Later on, when Rodolfo and Catherine still haven’t lost interest in each other, Eddie pretended to teach Rodolfo how to box, but is actually trying to humiliate his weakness and lack of masculinity, and he challenges his manliness in terms of strength that Eddie has but Rodolpho lacks. It is unbearable for Eddie not to punch Rodolpho because he thinks he is gay from his attitude and do things that longshoremen do not do. He punches Rodolfo and hurts him.
He believes Rodolpho to be an unsuitable match for Catherine and is trying to protect her from effeminate opportunist. His prejudice against Rodolpho is because he is not conventionally manly. After all the attempts that Eddie has tried, he fails to change Catherine’s mind, so he has no other choice but to snitch to the Immigration Bureau. He creates a fictional fantasy world where his absurd decisions make sense. He loses all respect and must confront Marco to regain his name.
“Now gimme my name and we go together to the wedding.” Eddie exists very much as a part of the community and this gives him his strength and brings about his destruction. As Alfieri says: “he is a victim of a passion that has moved into his body like a stranger. ”
Although Eddie seems unable to understand his feeling for his niece until the end of the play, other characters are aware. Beatrice is the first to express his possibility in her conversation with Catharine. Alfieri also realizes Eddie’s feelings until Beatrice clearly articulates his desires in the conclusion of the play: “you want somethin’ else Eddie and you can never have her.
” His conflict with Rodolpho also shows Eddie’s disapproval of the modern values, criticizing Rodolpho for his carefree attitude to life, spending his pay on “a snappy new jacket … records” Eddie’s determination to impose his traditional values youth immersed in American culture and modern values is doomed to failure as his attitude are shown to be backward and inappropriate and will never be accepted.
Eddie is keen to find any excuse to try and tear Rodolpho and Catherine apart, accusing Rodolpho of being “a weird” and then claiming that he is “looking for his break,” using Catherine to get his American citizenship. Ironically, Eddie’s effort to keep the couples apart only bring them closer together and serve to ostracise himself from Catherine. It also forces Catherine to become independent from Eddie and make her own decisions, saying “I think I can’t stay here no more… I’m not gonna be a baby anymore!”. Catherine comes to think of Eddie as a “rat” who “comes when nobody’s lookin” and poisons decent people.”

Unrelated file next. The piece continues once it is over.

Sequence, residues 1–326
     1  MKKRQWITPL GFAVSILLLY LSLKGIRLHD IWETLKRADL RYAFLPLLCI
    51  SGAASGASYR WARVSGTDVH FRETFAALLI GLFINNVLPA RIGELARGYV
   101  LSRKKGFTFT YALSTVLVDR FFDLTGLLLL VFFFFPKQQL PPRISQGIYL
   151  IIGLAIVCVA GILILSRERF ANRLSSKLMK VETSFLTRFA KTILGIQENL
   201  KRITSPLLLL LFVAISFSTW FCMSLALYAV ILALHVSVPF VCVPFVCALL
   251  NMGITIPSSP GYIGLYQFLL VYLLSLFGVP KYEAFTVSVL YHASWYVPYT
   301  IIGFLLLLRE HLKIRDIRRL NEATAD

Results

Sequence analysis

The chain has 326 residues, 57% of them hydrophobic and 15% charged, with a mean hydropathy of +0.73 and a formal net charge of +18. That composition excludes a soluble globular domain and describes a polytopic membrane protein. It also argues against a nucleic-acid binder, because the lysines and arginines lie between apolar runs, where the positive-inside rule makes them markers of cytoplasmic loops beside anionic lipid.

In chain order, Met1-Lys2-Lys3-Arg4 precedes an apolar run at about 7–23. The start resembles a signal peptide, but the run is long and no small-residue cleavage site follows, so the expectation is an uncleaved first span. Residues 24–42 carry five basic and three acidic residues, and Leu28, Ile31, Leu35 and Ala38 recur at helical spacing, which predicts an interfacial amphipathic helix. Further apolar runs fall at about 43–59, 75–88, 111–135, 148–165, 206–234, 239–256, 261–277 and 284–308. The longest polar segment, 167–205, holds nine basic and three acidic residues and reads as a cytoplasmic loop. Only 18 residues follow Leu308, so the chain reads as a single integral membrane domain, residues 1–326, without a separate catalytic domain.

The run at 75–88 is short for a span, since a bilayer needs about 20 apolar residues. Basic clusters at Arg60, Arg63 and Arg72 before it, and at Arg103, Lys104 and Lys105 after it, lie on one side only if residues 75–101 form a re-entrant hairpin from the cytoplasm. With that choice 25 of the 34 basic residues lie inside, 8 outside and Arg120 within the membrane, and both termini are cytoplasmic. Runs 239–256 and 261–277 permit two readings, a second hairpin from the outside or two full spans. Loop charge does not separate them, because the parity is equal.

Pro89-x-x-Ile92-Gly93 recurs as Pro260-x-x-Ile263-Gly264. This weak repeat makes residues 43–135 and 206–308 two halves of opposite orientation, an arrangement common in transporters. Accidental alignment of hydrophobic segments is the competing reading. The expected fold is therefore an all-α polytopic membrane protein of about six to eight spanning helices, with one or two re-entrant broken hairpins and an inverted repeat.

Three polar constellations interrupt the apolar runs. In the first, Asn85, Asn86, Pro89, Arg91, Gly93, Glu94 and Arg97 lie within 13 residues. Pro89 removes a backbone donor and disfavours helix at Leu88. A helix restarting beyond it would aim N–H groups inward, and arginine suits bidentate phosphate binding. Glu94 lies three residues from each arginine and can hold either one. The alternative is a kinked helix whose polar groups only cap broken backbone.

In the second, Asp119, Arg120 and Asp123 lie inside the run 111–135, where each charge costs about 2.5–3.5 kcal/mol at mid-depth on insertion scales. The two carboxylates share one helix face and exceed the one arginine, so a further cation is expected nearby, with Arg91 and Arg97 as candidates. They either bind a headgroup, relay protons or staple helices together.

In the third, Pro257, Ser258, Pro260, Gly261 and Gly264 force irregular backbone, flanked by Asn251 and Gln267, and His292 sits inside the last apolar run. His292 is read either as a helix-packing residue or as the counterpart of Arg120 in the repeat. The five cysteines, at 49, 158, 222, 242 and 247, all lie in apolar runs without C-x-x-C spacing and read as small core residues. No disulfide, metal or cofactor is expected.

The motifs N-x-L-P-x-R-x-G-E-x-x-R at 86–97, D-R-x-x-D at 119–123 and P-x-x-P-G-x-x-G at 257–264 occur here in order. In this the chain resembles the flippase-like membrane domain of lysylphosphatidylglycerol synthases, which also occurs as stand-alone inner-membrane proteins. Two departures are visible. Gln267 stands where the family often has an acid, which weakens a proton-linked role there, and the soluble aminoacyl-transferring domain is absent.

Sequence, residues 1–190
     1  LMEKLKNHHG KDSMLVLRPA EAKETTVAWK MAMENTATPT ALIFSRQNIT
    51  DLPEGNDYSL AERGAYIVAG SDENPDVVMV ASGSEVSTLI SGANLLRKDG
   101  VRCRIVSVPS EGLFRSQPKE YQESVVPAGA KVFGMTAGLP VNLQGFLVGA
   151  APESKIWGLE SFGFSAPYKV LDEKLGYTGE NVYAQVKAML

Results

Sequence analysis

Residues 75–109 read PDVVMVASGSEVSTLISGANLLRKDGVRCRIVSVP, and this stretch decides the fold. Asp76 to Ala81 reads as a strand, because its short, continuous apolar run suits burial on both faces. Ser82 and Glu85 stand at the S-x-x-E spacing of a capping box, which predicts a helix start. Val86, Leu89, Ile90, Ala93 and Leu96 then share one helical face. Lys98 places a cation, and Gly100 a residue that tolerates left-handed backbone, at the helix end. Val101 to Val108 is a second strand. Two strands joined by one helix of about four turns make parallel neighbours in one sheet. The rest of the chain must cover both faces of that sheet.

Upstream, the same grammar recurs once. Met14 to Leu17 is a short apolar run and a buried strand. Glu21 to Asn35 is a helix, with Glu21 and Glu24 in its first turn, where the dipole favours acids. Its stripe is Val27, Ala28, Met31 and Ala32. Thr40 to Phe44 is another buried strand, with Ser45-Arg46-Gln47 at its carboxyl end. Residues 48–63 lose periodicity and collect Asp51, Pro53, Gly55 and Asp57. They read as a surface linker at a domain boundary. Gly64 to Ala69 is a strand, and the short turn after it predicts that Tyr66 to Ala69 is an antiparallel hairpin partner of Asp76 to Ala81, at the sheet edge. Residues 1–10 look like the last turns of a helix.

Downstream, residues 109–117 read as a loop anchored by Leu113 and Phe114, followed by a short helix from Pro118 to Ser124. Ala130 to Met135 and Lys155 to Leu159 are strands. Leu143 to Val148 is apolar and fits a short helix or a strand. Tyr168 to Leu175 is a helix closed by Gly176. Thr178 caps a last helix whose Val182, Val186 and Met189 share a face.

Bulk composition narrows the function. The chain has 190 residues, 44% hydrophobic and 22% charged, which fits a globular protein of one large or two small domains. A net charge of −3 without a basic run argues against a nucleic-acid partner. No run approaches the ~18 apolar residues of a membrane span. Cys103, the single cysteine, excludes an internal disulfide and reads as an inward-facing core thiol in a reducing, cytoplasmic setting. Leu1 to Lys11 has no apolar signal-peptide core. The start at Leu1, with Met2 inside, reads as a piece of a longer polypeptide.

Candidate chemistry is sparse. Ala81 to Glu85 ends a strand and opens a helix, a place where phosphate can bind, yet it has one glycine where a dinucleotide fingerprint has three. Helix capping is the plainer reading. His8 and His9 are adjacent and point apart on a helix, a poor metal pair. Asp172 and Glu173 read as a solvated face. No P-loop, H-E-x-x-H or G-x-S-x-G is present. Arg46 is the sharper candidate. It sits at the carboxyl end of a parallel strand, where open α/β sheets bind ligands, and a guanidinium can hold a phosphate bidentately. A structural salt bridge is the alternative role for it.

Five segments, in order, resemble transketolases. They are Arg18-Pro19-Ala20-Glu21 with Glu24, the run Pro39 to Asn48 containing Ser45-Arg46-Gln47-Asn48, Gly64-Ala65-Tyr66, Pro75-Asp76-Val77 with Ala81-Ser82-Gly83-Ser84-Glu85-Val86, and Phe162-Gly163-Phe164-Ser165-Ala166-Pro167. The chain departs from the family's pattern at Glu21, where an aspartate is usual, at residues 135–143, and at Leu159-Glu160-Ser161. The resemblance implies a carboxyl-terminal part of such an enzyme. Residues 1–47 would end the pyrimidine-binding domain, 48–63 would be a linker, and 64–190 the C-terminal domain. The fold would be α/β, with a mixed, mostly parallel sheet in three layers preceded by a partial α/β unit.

Eddie’s relationship with his wife also becomes tenuous, as Beatrice is anxious for Catherine to gain her independence while Eddie is striving for her to remain a “baby” under his influence. This creates a lot of tension between them. It is aggravated by the fact that Eddie expects Beatrice to “believe” him, saying “If I tell you that guy ain’t right, don’t tell me he is right.” Beatrice’s resistance to Eddie’s claims about Rodolpho leads Eddie to think that he has lost his “respect”. It is only at the end when Eddie comes to the realization that it is Beatrice and not Catherine who is most important in his life.
By ringing Immigration Bureau, Eddie’s downfall is secured as Marco is set against Eddie, spitting into Eddie’s face and calling him an “animal” and the killer of his children. However, it is Eddie’s refusal to admit his mistakes and that he has disgraced his name by ringing Immigration Bureau that brings about the final confrontation between Eddie and Marco. Marco wants retribution against Eddie for forcing him to go back to Italy, ruining his family’s chances of ever escaping poverty.
While it is Marco that kills Eddie, it is the knife that Eddie drew that is the instrument for his death, signifying self-destruction. Eddie’s downfall is brought about through his own failings and mistakes, rather than the mistakes of others having an impact on him. In A view from the Bridge, Eddie is portrayed as an over-protective, obsessive man, who does not know the boundaries and who’s logic is flawed when it comes t his feelings. He lives in a bubble, where he expects to get what he desires, thus keeping him away from reality. Only at the end does the bubble burst as he acknowledges his mistake in his last moment. His death in Beatrice’s arms justifies how he still values and seeks redemption and forgiveness from his wife after all he did.
👋 Hi! I’m your smart assistant Amy!
Don’t know where to start? Type your requirements and I’ll connect you to an academic expert within 3 minutes.get help with your assignment